The call to get_user_pages() will have locked each of the relevant pages into memory to allow the kernel to work with them; this is the cleanup code which goes back and unlocks the pages which will not be used. But remember that the pointers in the pages array have been overwritten, and are now either zero or 4096. What would normally happen here is a kernel oops, since those are not legitimate addresses. The exploit code has done something tricky, though: using some special mmap() calls, it has created some anonymous memory at the bottom of its address space.

Directly dereferencing user-space addresses while running in kernel mode is frowned upon for a number of reasons; it can blow up in a number of ways. But, if the address is valid and the relevant page is resident in memory, direct access to user-space memory will work. So, when the kernel starts to work with the addresses that it thinks are struct page pointers, it does not get any sort of fault; instead, it gets the data placed in that memory by the exploit. Needless to say, that data has been arranged carefully.

Page Break

The Linux kernel normally manages each page as an independent object. There are times, however, when pages are grouped into larger units, called "compound pages." This generally happens when physically contiguous allocations larger than one page are needed by the kernel; when this happens, a compound page is passed back to the caller. These pages are special in that they must be split back apart when they are released back into the system, and there may be other cleanup work to do. So compound pages have an attribute not found on normal pages: a destructor which is called when the page is freed.

So, if we look at how the exploit sets up its low-memory page structures, we see:

pages[0]->flags = 1 << PG_compound; pages[0]->private = (unsigned long) pages[0]; pages[0]->count = 1; pages[1]->lru.next = (long) kernel_code;

When the kernel looks for a page structure at user-space address zero, it will find something which looks like a compound page. The destructor (stored in the lru.next field of the second page structure) is set to kernel_code(), a function defined within the exploit itself. Since the count is set to one, the call to page_cache_release() (which decrements that count) will conclude that there are no further references and, since the page looks like a compound page, the destructor will be called. At this point, the exploit has arbitrary code running in kernel mode, and the show is truly over. This code just sets the process's uid to zero (giving it root access), then engages in some assembly-language trickery to return immediately to user space, shorting out the rest of the cleanup process.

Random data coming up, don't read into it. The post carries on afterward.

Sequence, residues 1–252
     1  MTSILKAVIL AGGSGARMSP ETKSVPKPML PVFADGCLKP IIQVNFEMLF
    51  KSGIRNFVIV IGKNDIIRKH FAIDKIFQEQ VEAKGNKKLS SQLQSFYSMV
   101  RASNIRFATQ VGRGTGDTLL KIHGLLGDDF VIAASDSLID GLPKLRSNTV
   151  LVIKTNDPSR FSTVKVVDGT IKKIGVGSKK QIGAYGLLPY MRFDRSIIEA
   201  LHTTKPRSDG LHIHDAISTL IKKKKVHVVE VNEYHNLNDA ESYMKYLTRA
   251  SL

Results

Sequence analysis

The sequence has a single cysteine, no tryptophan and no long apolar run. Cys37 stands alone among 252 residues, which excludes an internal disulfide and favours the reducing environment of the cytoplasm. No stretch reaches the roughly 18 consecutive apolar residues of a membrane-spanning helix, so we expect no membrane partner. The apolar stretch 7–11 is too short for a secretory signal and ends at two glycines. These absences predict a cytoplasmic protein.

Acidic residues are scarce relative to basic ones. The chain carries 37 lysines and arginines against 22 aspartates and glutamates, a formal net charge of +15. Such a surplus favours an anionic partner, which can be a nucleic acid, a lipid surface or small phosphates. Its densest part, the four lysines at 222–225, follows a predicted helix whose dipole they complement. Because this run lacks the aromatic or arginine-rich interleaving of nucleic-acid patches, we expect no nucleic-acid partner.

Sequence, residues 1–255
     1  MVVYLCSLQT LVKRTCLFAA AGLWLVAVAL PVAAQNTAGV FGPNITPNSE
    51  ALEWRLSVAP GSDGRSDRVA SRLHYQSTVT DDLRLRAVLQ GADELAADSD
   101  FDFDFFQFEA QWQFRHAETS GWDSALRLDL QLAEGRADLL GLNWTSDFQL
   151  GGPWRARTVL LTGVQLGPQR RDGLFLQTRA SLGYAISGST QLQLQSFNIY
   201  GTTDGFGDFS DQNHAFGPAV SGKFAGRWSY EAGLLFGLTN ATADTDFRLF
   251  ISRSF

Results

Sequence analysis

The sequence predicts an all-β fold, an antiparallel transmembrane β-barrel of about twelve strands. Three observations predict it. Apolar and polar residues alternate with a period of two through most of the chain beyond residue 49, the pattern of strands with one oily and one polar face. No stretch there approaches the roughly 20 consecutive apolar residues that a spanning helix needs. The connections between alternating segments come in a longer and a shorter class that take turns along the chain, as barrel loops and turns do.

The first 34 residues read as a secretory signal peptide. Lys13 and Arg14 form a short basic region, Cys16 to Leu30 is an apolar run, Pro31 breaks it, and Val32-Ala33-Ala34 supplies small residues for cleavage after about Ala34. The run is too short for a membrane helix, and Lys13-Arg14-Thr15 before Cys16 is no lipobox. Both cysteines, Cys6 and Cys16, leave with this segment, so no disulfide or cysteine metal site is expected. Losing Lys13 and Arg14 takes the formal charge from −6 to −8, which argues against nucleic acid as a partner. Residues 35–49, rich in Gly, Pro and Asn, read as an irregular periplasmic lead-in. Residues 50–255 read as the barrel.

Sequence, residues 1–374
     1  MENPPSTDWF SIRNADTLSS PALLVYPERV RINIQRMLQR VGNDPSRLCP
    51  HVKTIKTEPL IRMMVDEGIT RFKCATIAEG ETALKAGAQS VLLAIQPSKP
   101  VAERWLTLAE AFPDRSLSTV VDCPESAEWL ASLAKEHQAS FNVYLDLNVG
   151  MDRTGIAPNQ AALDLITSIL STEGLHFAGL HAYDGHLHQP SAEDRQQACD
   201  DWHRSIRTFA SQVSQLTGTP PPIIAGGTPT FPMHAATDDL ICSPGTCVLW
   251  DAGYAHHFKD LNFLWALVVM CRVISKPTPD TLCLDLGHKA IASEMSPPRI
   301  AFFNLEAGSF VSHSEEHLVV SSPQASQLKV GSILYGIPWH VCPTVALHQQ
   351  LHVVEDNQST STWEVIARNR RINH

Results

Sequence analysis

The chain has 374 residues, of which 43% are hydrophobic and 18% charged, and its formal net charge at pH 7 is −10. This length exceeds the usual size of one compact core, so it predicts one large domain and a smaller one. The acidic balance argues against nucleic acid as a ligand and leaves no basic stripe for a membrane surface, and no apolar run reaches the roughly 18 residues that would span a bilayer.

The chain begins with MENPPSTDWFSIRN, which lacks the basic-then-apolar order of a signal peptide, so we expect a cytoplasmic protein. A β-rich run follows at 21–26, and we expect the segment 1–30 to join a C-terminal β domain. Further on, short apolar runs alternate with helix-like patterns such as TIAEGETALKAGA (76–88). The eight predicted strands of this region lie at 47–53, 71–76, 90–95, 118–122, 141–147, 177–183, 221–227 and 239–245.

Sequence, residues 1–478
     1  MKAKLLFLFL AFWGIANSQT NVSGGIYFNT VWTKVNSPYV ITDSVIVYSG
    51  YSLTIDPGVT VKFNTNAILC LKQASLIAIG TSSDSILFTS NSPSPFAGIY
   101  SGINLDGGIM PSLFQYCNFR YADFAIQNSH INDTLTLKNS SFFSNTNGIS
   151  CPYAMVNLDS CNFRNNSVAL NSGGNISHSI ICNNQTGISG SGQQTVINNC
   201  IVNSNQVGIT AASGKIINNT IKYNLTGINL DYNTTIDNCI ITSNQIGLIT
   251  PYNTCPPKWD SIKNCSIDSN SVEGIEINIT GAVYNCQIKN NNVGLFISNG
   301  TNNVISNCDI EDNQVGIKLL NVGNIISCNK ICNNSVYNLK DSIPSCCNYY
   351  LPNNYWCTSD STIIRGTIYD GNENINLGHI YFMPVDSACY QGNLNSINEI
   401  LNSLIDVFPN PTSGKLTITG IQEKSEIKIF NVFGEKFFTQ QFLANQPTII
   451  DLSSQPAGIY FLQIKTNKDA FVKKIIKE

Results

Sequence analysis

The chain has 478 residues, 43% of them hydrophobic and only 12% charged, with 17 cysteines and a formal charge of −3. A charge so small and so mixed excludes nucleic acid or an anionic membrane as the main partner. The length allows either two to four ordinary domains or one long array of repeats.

There are a couple of interesting implications from all of this. One, clearly, is that this exploit is not something which was bashed out by a script kiddie somewhere. It was written by somebody who understands low-level kernel code quite well and who is able to use that understanding to escalate an apparent information-disclosure vulnerability into a full code execution problem. It is, clearly, a mistake to underestimate those who write exploits, not all of whom immediately make their works known to the development community. One also should not assume that they have not already written exploits for other, still unfixed bugs.

Also worth noting is the fact that ordinary buffer overflow protection may well have not been effective against this vulnerability. The return address on the stack was not overwritten, and no exploit code was put in data areas. This episode has caused a renewed interested in technical security measures in the kernel. These measures are good, but it would be a mistake to think that they will fix the problem. What is really needed is stronger review of patches with security in mind; it is not yet clear that this review is happening.